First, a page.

My ideal version of a resurrected Star Trek would be a serial science fiction drama with season-long arcs that form the basis for a single 5-7 season long overarching story, where each of 22 episodes per season is focused on developing an ongoing story while also touching on week-to-week self-contained stories. The series would be written in a way similar to Babylon 5, where it would be plotted out in excruciating detail such that, if any actor leaves the show for any reason, the character can drop out (and possibly come back later) without it affecting the overall story, and where the show can end satisfactorily at the end of any season, and at the 13-episode mark of the first season in case a "back 9" is never ordered. Do that with your flagship story, and then start telling other interesting stories. For the flagship series, I'd go with finally telling the story of the birth of the Federation as we saw it in the TOS era, where humans are a significant force in the Federation rather than the whole thing being led by the Vulcans. I'd basically ignore all previous Trek entries in terms of establishing canon, and use it more as guidance for themes, background info, etc. Basically do what "Enterprise" was (in my opinion) supposed to do without hemming everything in by trying to fit it within old-school Trek canon, but do as much as possible to link it to those same general concepts. In other words, we're not creating TOS sets and such or trying to evolve into it (since that'd involve explaining why 1960s future-vision technology is somehow more advanced than touchscreens), but we're trying to create the spirit of the TOS era and what led to it.







    While we're at it, I'd also like a pony.
     
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  28. Cephus

    Cephus Sr Member

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    It doesn't matter what CBS says if Paramount doesn't give them the right to make the series in the first place.
     
  29. Riceball

    Riceball Sr Member

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    I'm not sure that it works that way, but then again, I'm not exactly certain who ultimately owns the rights. My understanding of it is that for TV Trek it's CBS, for movies it's Paramount.
     
  30. CessnaDriver

    CessnaDriver Master Member RPF PREMIUM MEMBER

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    If they really want to try something new, I kind of thought maybe allow a series to travel within itself. I don't think this has been done before.
    In other words, the viewer is on the five year mission ship at first say, but gets off on some planet colony for a few episodes, then perhaps
    picked up and fly off with an alien crew, then to a space station, back to the five year ship again. So the viewer is visiting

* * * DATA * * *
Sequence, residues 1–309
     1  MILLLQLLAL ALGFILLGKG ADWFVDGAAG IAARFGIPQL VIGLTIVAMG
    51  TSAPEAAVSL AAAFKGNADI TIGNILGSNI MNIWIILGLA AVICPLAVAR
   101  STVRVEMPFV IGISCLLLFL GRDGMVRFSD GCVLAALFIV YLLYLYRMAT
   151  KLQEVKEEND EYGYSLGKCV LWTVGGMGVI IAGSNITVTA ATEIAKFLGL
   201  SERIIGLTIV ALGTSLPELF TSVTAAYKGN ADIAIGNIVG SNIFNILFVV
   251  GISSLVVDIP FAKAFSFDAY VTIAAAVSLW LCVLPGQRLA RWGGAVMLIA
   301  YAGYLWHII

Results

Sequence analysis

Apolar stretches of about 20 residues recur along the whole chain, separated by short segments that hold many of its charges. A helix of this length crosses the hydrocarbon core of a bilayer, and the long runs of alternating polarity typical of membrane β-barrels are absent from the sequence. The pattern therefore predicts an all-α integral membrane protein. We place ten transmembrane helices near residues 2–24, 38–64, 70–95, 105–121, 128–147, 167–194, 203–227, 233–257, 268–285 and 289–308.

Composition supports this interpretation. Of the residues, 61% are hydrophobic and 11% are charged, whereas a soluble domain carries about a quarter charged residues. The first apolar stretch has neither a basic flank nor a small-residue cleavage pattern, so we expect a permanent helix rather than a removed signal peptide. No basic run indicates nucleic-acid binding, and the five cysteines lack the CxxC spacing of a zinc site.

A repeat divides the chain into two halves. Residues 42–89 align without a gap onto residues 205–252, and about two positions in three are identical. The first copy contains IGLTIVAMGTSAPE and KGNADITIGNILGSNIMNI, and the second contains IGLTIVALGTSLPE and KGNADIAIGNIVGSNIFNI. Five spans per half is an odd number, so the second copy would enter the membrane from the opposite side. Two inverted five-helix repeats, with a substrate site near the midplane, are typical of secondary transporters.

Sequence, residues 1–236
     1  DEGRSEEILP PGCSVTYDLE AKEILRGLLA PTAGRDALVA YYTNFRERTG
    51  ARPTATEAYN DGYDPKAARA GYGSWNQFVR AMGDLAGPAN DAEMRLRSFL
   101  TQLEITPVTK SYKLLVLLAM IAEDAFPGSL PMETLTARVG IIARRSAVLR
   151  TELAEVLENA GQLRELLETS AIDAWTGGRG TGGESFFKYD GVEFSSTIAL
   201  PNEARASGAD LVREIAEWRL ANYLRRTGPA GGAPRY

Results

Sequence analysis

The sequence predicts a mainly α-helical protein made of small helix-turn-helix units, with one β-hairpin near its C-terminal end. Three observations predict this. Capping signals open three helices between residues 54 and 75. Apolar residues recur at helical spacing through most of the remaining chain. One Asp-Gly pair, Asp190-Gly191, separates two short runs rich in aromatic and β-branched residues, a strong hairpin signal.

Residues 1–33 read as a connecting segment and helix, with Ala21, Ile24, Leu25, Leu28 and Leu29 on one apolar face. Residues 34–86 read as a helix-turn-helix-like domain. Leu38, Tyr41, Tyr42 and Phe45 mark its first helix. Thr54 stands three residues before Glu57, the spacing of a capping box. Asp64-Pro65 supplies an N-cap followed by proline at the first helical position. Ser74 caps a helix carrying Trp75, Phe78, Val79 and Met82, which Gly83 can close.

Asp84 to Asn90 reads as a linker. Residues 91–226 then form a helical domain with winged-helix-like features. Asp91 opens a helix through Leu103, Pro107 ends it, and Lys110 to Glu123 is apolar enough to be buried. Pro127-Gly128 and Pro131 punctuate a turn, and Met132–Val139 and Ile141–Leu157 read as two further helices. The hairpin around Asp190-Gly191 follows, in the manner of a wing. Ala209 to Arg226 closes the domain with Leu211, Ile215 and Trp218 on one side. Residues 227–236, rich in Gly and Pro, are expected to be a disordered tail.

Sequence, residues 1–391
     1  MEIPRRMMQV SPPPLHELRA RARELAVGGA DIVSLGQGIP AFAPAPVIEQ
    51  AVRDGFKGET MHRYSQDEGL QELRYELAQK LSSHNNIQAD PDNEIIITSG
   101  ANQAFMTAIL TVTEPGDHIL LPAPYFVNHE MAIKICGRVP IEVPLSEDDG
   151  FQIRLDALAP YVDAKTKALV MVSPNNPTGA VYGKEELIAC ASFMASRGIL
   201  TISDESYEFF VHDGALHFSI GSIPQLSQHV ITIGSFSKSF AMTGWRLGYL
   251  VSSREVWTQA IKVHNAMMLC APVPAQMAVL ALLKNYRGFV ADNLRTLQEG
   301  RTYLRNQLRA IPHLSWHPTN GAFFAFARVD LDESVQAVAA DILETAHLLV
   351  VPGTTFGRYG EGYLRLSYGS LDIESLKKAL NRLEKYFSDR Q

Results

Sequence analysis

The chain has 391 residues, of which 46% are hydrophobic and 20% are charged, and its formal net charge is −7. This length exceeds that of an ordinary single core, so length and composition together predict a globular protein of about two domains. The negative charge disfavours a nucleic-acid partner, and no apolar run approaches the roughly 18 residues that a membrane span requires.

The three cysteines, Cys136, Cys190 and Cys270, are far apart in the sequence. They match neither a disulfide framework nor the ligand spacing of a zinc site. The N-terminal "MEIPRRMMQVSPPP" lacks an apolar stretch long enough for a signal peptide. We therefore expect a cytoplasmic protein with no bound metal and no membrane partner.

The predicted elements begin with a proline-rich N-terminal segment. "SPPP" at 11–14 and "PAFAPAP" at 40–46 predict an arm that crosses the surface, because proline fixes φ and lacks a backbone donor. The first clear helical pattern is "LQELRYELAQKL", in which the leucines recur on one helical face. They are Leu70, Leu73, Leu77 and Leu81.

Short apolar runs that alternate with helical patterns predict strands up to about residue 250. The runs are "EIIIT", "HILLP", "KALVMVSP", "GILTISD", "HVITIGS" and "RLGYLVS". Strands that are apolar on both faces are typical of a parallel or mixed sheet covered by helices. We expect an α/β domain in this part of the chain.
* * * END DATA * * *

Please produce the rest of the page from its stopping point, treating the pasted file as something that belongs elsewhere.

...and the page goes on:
all these different situations out there but always coming back to your "base" ship. Maybe you follow a character in this, maybe you don't.
    Kind of like if you stayed with the dude that got to be with Balok on TOS for a while, and see that home world and culture, then move on.
    So stories can overlap, and you could see characters meet for the first time, but you know them both from past eps.

    I dunno. Has anything been like that before?
     
  31. NormanF

    NormanF Master Member RPF PREMIUM MEMBER

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    Enterprise started out interesting but then someone decided on the time travel, "temporal war", and the Xindi. If they had stuck with building up to why the Federation had the prime directive and other things that were taken for granted in Star Trek it probably would have done better. If they wanted to show a war they should have used the war with the Romulans, except I think the series was set to early. Maybe an occasional skirmish instead of the "You're in our territory, get out." episode.
     
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  32. Jeyl

    Jeyl Master Member

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    Aspects of humanity In general... And fans wonder why Star Trek is in such a limbo state. The only thing it has going for it is the very thing that can describe every story ever told.
     
  33. Riceball

    Riceball Sr Member

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    What would work well along those lines would be a Starfleet Academy anthology series, not a SA series showing a cadet Kirk, Spock, & McCoy like the CBS & Paramount have long obsessed over but one featuring a core cast of cadets that would explore different times in Starfleet/Federation history. Every season or even quarter or half season could reflect a different time period which they would explore via holodeck. This way you could have your 5 year mission stories, your starbase stories, your planet based stories, and even time travel stories. Your cast wouldn't need to be too large and if any one actor starts to be too troublesome or expensive you could simply fail or graduate them from the Academy and replace them with a new cadet character.
     
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  34. Treadwell

    Treadwell Master Member RPF PREMIUM MEMBER

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    I agree about jargon lameness, but "branding", as a term and as a thing, has been around for a very long time.
     
  35. Inquisitor Peregrinus

    Inquisitor Peregrinus Master Member